Righteousness Comes From Faith

While Martin Luther had formulated the theology of justification from 1515 to 1519, his theological opponents within the papal court called for an ecclesiastical trial for his “false teaching.”  Political circumstances in Europe had distracted his theological enemies and the papacy from Luther’s growing popularity.  In 1520, Pope Leo X condemned many of Luther’s teachings and threatened him with excommunication.  During that year, Luther wrote against papal authority and called upon the German princes to reform their own territories.   [Martin Brecht, Martin Luther: His Road to Reformation, 1483-1521, trans. James L. Schaaf (Minneapolis 1985) 369-379.]

Additionally, in 1520 he began to explain the proper relationship between justification by faith in Christ and the daily life of the Christian.  His Treatise on Good Works explained how genuine good works flow from someone justified by faith alone.  As he had done since 1516, Dr. Luther also explicitly rejected the scholastic theologians’ notions of the disposition (habitus) to form a perfect faith. [Luther on Scholastic Theologians ] He particularly sought to distinguish those who practiced outwardly religious works toward justifying themselves before God with those who trusted in God’s promises. Someone may only fulfill the First Commandment by faith in Christ. [Martin Luther, Treatise on Good Works, Luther’s Works, vol. 44, 23-31.]   He summarized this idea in the following manner:

If righteousness consists of faith, it is clear that faith fulfils [sic] all commandments and makes all its works righteous, since no one is justified unless he does all the commandments of God.  Or again, works can justify no man before God without faith.  So utterly and roundly does the holy Apostle reject works and praise faith that some have taken offense at his words and said, ‘Well then, we shall do no more good works.’ He condemns such men as erring and foolish. [LW 44: 31-32.]

In The Freedom of the Christian (a devotional work dedicated to Pope Leo X in 1520) Luther described the origin and nature of faith in Christ and its effects on the believer.  First, the Word of God saves those who receive it by faith alone.  In this manner, God justifies the sinner and unites the Christian to Christ.  Second, true faith in the Gospel liberates the Christian from seeking after outwardly pious acts in order to earn divine favor.  Finally, this freedom from sin and self-justification allowed the Christian to serve his or her neighbor through genuine good works based on faith because “Christian liberty…does not induce us to live in idleness or wickedness but makes the law and works unnecessary for any man’s righteousness and salvation.” [Luther, The Freedom of a Christian, LW 31:343-350, quote on pp. 349-50.]

By 1521 the pope had excommunicated Luther. Charles V, the Holy Roman Emperor, summoned Martin Luther to testify before the Imperial Diet in Worms in his own defense against the decree of excommunication.  On April 18, he gave his famous speech before this gathering in which he refused to recant his writings and affirmed his teaching of justification before God by faith alone.  During his journey to Worms, he preached at Erfurt on the first Sunday after Easter.  In this sermon, he emphasized the significance of Christ’s redemptive act through his death and resurrection.  Clearly, he wanted to emphasize faith in Christ as the means by which God grants his righteousness to sinners when he proclaimed:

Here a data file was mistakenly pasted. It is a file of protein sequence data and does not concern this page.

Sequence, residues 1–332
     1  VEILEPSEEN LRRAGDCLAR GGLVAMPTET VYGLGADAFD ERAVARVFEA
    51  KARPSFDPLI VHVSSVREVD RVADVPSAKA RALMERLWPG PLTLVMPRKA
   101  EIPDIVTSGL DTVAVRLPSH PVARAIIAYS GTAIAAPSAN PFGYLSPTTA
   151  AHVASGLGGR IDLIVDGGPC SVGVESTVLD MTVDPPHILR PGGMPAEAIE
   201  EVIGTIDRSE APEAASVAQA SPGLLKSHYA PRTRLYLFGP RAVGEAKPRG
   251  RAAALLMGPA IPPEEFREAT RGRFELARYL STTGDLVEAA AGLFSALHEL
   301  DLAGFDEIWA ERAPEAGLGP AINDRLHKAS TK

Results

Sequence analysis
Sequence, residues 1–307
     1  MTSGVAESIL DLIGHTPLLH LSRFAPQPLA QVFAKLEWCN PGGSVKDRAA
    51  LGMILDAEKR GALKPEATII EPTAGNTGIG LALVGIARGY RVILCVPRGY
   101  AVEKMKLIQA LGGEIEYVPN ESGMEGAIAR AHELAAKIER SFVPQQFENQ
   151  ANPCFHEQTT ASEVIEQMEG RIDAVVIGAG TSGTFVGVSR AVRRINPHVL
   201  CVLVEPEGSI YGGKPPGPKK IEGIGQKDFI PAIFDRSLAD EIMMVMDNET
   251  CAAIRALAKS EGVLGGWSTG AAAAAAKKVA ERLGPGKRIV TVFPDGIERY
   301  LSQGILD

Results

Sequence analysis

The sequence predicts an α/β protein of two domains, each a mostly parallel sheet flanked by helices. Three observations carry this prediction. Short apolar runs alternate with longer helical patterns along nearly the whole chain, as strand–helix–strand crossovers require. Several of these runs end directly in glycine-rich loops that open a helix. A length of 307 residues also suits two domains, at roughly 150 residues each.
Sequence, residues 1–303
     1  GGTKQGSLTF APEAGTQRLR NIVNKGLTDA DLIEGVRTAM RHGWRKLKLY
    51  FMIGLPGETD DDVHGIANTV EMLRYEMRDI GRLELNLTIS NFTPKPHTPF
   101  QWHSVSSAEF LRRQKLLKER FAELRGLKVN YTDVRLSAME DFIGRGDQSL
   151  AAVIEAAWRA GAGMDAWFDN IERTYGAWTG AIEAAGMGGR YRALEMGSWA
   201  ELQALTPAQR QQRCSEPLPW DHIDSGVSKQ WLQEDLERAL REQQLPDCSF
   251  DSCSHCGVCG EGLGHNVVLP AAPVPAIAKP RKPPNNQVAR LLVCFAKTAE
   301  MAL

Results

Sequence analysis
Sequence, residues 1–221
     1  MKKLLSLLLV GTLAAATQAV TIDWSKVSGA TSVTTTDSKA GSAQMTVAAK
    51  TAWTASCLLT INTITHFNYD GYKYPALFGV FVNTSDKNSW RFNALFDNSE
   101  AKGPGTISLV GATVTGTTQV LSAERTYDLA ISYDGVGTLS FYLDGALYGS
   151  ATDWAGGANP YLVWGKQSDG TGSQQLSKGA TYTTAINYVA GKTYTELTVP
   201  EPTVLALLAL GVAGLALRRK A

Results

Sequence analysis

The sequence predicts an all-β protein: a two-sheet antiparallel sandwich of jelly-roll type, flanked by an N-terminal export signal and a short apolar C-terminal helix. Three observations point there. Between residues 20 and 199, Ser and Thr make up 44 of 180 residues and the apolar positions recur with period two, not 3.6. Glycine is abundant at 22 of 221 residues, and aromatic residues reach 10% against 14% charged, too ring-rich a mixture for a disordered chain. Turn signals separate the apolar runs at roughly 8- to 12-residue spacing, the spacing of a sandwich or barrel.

Our Lord Christ says: I am your justification.  I have destroyed the sins you have upon you.  Therefore, only believe in me; believe that I am he who has done this; then you will be justified…righteousness is identical with faith and comes through faith. [Martin Luther, Sermons at Leipzig and Erfurt, LW 51:63.]

In the same sermon, Luther repeated his refutation of the scholastic teaching of justification and emphasized that true good works follow faith.   When Martin Luther departed from Worms as a condemned heretic (a crime in the sixteenth century), his future seemed quite precarious.  However, Dr. Luther had articulated his teaching on justification by faith in Christ clearly before the most powerful secular rulers and church officials of his time.

 

 

 

 

 

About Dr. Matthew Phillips

My name is C. Matthew Phillips and I am an Associate Professor of History at Concordia University, Nebraska. I completed my Ph.D. in medieval European history at Saint Louis University in 2006. My research has focused on medieval monasticism, preaching, devotion to the True Cross, and the Crusades. Additionally, I have interests in medieval and early modern European education and the writings and life of Martin Luther.


At Concordia I teach World Civilization I, World Civilization II, Europe Since 1914, Early and Medieval Christianity, Renaissance and Reformation, The Medieval Crusades, The History of Imperial Russia and the Soviet Union, and The Modern Middle East.


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